Version française
Home     About     Download     Resources     Contact us    
Browse thread
Re: [Caml-list] Hashtbl and destructive operations on keys
[ Home ] [ Index: by date | by threads ]
[ Search: ]

[ Message by date: previous | next ] [ Message in thread: previous | next ] [ Thread: previous | next ]
Date: -- (:)
From: oliver@f...
Subject: Re: [Caml-list] Hashtbl and destructive operations on keys
On Mon, Mar 22, 2004 at 08:09:35PM +0100, Remi Vanicat wrote:
> Thomas Fischbacher <Thomas.Fischbacher@Physik.Uni-Muenchen.DE> writes:
> 
> > Dear ocaml hackers,
> >
> > I read the documentation in such a way that I must not assume that after
> > doing a Hashtbl.replace hash key new_val, I can destructively modify key
> > with impunity. (I do cons a new key at every Hashtbl.add.)
> >
> > On the other hand (I have not looked into the sources), I am quite 
> > confident that the system _could_ give me the guarantee that 
> > nothing evil happens if I do so, and especially for the application I am 
> > presently working on, this would induce a noticeable performance gain,
> > due to reduced consing. (And performance is important here!)
> >
> > So, could I please get this officially sanctioned? :-)
> 
> This is not an official answers, but it is what ocaml tell me :
> 
> # let tbl = create 10;;
> val tbl : ('_a, '_b) Hashtbl.t = <abstr>
> # let r = ref 10;;
> val r : int ref = {contents = 10}
> # replace tbl r 50;;
> - : unit = ()
> # r := 1;;
> - : unit = ()
> # find tbl r;;
> Exception: Not_found.
> 
> So no, you can't modify in place the key without a danger. But :
> 
> # class myref (x:int) =
>   object
>      val mutable value = x
>      method set n = value <- n
>      method get = value
>   end;;
> class myref :
>   int ->
>   object
>     val mutable value : int
>     method get : int
>     method set : int -> unit
>   end
> # let tbl = create 10;;
> val tbl : ('_a, '_b) Hashtbl.t = <abstr>
> # let r = new myref 10;;
> val r : myref = <obj>
> # replace tbl r 50;;
> - : unit = ()
> # r #set 1;;
> - : unit = ()
> # find tbl r;;
> - : int = 50
> 
> It do work for object because the hash value of object depend on an
> identifier that each object do have, and only of it. Two different
> object (even with same field) have a different id, and a object never
> change of id. The id can be none by using Oo.id.


Seems to me that the problem with the references is that they also
are uniqe:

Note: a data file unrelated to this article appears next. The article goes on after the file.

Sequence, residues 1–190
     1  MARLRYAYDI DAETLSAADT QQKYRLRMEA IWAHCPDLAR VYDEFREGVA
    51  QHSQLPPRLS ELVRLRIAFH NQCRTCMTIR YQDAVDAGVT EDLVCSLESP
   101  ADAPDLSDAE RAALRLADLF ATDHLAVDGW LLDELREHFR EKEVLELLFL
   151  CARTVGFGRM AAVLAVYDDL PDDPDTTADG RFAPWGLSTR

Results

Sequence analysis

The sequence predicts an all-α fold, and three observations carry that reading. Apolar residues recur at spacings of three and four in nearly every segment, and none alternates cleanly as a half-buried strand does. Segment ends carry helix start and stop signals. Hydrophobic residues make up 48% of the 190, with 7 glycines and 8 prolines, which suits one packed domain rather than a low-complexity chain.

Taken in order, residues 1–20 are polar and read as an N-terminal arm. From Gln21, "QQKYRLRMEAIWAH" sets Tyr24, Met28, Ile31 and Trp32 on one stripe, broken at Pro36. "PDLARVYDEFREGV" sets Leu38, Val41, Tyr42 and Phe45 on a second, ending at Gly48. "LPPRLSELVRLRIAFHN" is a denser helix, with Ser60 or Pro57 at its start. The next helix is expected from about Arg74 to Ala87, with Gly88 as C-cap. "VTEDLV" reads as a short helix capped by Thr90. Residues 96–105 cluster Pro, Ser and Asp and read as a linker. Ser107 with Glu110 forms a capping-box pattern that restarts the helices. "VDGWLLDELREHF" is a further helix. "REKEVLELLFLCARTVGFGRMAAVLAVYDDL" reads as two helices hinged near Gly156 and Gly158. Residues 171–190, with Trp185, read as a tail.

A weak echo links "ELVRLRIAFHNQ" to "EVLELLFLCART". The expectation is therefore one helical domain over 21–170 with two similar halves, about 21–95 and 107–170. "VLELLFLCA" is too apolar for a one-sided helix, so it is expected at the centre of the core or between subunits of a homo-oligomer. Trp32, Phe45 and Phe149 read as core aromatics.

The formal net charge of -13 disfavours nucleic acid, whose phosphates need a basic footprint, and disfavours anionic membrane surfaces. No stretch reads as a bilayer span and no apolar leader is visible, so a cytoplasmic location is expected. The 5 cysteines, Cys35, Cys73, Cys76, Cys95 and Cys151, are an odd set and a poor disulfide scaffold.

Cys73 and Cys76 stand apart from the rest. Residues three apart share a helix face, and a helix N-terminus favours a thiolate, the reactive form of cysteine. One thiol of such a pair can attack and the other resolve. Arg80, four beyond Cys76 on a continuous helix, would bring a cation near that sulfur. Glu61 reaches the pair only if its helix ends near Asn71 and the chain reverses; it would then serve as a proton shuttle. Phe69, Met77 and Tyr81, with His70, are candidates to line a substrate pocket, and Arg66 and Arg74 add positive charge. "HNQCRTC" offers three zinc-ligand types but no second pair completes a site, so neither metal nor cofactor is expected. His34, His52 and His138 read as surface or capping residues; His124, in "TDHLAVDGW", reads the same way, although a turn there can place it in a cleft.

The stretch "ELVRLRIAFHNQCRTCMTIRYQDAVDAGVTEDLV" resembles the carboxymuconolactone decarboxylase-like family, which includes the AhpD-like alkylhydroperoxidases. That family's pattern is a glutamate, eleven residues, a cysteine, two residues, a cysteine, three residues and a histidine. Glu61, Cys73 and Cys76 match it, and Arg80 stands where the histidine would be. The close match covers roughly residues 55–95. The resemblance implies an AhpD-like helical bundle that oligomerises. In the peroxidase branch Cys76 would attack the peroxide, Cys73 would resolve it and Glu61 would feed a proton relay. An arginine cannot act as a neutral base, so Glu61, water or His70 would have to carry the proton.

Objective Caml version 3.04

# open Hashtbl;;
# let tbl = create 10;;
val tbl : ('_a, '_b) Hashtbl.t = <abstr>
# let k = ref 111;;
val k : int ref = {contents = 111}
# replace tbl k "first_value";;
- : unit = ()
# find tbl k;;
- : string = "first_value"
# find tbl (ref 111);;
- : string = "first_value"
# k := 777;;
- : unit = ()
# find tbl k;;
Exception: Not_found.
# find tbl (ref 111);;
Exception: Not_found.
# k := 111;;
- : unit = ()
# find tbl k;;
- : string = "first_value"
# find tbl (ref 111);;
- : string = "first_value"
# (ref 111) = ref (111)
- : bool = true
# (ref 111) == (ref 111);;
- : bool = false



So, it seems to me, that the reference is unique, and
that the value of the reference as well as the reference
as a certain memory-object is - both together -
the valid key.

if you may use Hashtbl.iter and a function like this one:

let print k v = print_int !k; print_string "  =>  "; print_endline v;;

then you can print out all values inside the hashtbl.

When you do that with the valid reference-key,
you will get:
# iter print tbl;;
111  =>  first_value

if you have changed the reference/key with say
k := 45267

you will get:

# iter print tbl;;
45267  =>  first_value



and so on...

I tried some more things, and if you insert a value
directly like this one:

replace tbl (ref 444);;

you can always get it back with
find tbl (ref 444) 

What seems unnatural, if my first suggestion (value + memory-obj.
is necessary to be a valid unique key) is correct.
So it is not. :(


When you have inserted a value with a reference,
and then after that you change the reference, please use
the
iter print tbl;;

and you will see that your value is in the Hashtbl,
even if it can't be found.
But the key has changed and is not available directly
via this key-reference until the key will be changed
back to it's initial value (see above example).

If you have changed a reference-key and overwrite
it with replace, you will have TWO entries in the
hastbl with the same key, at least when you
use the above print-function in
iter print tbl;;

But you can't find both entires when using Hashtbl.find_all.

So data will not be lost, you can get it back when
using Hashtbl.iter.
At least fo those cases I've tested (which may not necessarily be a
complete set of test cases).




Ciao,
   Oliver

-------------------
To unsubscribe, mail caml-list-request@inria.fr Archives: http://caml.inria.fr
Bug reports: http://caml.inria.fr/bin/caml-bugs FAQ: http://caml.inria.fr/FAQ/
Beginner's list: http://groups.yahoo.com/group/ocaml_beginners